Boehringer Ingelheim abandons biosimilars outside the US

German drugmaker Boehringer Ingelheim will not commercialize its approved adalimumab product Cyltezo in Europe and is discontinuing all biosimilar development activities outside the US.

Earlier this month, an article published in Bioprocess Insider considering the impending exit of Big Pharma from the biosimilars space brought a lot of attention from industry and investors. The piece drew on Merck KGaA’s abandonment of its biosimilars programs in 2017 as an example, and now fellow German Big Pharma firm Boehringer Ingelheim is contemplating similar, outside of the US at least.

“Boehringer Ingelheim believes the introduction of high-quality, lower-cost biosimilars is critical for both patients and the sustainability of the healthcare system,” spokesperson Ralph Warsinsky told BioProcess Insider.

Boehringer Ingelheim shuts the doors on biosimilars outside the US. Image: iStock/Malik Evren

However, “at this point in time, future biosimilars activities will be driven out of the US market, including partnership opportunities, while Boehringer Ingelheim is stopping development activities for the rest of the world.”

A snapshot of Boehringer Ingelheim’s biosimilar pipeline webpage from December 2017 shows a version of Roche’s Avastin (bevacizumab), BI 695502, was in Phase III clinical studies, and Cyltezo (BI 695501), a version of AbbVie’s Humira (adalimumab), had been approved. An error message greets website viewers when visiting the page today.

Humira biosimilar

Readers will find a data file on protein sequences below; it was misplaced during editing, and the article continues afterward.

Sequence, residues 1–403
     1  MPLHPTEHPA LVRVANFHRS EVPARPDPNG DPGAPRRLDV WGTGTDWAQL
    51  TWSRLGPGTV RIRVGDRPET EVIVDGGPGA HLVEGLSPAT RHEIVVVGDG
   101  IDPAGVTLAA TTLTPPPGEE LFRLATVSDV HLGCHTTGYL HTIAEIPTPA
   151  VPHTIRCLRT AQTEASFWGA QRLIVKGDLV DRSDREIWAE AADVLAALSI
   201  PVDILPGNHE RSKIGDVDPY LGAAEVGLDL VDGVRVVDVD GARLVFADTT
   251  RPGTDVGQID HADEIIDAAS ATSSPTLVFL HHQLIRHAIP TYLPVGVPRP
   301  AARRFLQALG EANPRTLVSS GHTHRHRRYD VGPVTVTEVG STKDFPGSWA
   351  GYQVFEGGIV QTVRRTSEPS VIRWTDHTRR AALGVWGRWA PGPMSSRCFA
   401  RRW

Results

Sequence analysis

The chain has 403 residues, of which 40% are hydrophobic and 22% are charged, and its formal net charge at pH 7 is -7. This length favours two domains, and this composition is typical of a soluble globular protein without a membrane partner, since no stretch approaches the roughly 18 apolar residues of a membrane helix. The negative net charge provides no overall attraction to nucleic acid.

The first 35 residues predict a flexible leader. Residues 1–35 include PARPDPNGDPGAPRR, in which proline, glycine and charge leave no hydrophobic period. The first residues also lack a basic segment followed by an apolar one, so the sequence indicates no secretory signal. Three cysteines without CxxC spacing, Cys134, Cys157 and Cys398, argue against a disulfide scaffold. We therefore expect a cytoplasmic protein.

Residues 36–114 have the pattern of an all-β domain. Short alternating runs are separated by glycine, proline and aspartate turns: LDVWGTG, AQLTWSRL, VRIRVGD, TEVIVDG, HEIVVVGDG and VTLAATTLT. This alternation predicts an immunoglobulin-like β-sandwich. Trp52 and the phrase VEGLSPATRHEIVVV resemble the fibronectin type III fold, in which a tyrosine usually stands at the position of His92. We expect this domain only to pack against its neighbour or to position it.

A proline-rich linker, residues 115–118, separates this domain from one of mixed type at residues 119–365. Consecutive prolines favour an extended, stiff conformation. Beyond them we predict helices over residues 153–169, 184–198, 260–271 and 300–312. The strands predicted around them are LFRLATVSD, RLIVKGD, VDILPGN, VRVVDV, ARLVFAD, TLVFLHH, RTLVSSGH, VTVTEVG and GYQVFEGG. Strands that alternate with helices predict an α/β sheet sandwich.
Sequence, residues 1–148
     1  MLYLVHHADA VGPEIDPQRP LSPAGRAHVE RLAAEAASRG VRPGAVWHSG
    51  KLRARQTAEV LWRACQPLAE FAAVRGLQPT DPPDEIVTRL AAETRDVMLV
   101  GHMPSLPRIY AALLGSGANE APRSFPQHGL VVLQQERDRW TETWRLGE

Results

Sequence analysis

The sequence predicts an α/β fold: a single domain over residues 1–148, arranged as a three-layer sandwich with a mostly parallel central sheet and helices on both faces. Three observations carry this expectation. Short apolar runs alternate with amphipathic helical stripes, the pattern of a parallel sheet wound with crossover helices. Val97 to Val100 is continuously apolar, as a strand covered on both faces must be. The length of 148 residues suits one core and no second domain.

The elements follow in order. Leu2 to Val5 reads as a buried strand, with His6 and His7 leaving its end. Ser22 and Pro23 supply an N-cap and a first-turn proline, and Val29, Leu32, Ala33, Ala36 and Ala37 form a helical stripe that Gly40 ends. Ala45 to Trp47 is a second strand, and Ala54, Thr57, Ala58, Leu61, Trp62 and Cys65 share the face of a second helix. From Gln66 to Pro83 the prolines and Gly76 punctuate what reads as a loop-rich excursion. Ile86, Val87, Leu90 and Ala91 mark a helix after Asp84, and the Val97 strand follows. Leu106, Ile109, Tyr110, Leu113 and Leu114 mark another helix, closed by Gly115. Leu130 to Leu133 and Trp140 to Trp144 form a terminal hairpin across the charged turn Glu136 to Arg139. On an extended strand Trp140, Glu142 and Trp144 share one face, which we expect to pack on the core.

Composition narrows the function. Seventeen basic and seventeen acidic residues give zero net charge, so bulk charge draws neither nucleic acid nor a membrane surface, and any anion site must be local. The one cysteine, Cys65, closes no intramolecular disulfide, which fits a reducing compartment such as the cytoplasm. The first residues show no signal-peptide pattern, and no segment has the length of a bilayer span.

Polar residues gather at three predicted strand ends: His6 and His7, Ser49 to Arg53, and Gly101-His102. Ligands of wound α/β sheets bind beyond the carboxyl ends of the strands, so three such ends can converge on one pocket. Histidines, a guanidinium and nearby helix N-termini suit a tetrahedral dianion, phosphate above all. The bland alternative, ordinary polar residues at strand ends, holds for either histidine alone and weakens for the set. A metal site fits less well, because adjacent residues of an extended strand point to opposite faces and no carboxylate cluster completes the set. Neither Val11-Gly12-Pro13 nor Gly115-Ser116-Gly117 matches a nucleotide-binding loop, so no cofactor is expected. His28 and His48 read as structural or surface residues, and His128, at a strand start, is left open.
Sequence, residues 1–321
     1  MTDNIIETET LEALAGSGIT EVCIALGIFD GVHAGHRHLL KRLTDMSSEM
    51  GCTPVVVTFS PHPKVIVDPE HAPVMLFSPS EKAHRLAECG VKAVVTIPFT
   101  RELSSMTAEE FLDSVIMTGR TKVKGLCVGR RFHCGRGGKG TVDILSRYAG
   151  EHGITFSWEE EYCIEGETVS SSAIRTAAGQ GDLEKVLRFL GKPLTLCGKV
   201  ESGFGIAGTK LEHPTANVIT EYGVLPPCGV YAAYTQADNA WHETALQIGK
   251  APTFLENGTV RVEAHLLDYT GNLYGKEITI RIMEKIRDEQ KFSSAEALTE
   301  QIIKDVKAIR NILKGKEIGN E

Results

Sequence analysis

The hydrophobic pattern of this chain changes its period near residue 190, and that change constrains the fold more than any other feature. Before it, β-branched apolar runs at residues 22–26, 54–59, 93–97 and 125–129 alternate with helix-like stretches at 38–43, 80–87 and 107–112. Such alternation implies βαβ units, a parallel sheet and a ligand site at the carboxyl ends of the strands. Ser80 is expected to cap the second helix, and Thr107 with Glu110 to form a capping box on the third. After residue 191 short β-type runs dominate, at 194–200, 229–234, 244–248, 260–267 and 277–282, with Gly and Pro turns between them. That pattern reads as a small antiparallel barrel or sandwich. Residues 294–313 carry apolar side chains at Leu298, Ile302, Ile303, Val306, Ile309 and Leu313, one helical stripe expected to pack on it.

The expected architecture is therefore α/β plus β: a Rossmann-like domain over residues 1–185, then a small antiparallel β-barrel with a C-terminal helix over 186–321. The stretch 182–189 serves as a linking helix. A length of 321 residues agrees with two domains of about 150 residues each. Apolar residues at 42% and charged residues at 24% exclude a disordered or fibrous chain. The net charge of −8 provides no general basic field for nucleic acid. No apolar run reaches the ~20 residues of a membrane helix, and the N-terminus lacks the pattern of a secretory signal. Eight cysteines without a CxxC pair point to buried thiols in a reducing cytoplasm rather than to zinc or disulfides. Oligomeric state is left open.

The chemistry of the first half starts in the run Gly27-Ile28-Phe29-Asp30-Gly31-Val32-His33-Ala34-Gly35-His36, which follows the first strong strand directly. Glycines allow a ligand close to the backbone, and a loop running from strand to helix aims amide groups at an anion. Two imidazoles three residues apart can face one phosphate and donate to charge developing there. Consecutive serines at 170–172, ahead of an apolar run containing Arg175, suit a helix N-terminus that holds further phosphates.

Humira is the top selling drug in the world. In 2017, AbbVie earned $18.4 billion (€16.2 billion) in worldwide sales from the monoclonal antibody, with the US market contributing $12.4 billion.

In 2017, Boehringer Ingelheim’s Cyltezo became the first biosimilar version to be approved in Europe, and the second to be approved in the US. Neither are available, though Warsinsky said only the US product is now expected to be commercialized.

“While Boehringer Ingelheim had planned to bring Cyltezo to patients in the EU, due to the patent litigation with AbbVie in the US, we will not commercialize our biosimilar in the EU,” he said.

Rival biosimilar makers Sandoz, Amgen, Samsung Bioepis and Mylan have all recently launched their adalimumab products in Europe.

In the US, settled lawsuits have led several biosimilar firms to agreeing to launch their adalimumab products from 2023, but Boehringer Ingelheim continues to battle with AbbVie in the courts in efforts to launch Cyltezo earlier than this.

“Our focus is on bringing Cyltezo to the US market and we are committed to making it available to US patients as soon as possible and certainly before 2023.”

UPDATE: Boehringer Ingelheim has confirmed with BioProcess Insider that Cyltezo will be commercialized in the US by Boehringer Ingelheim itself, and not through a marketing partner.

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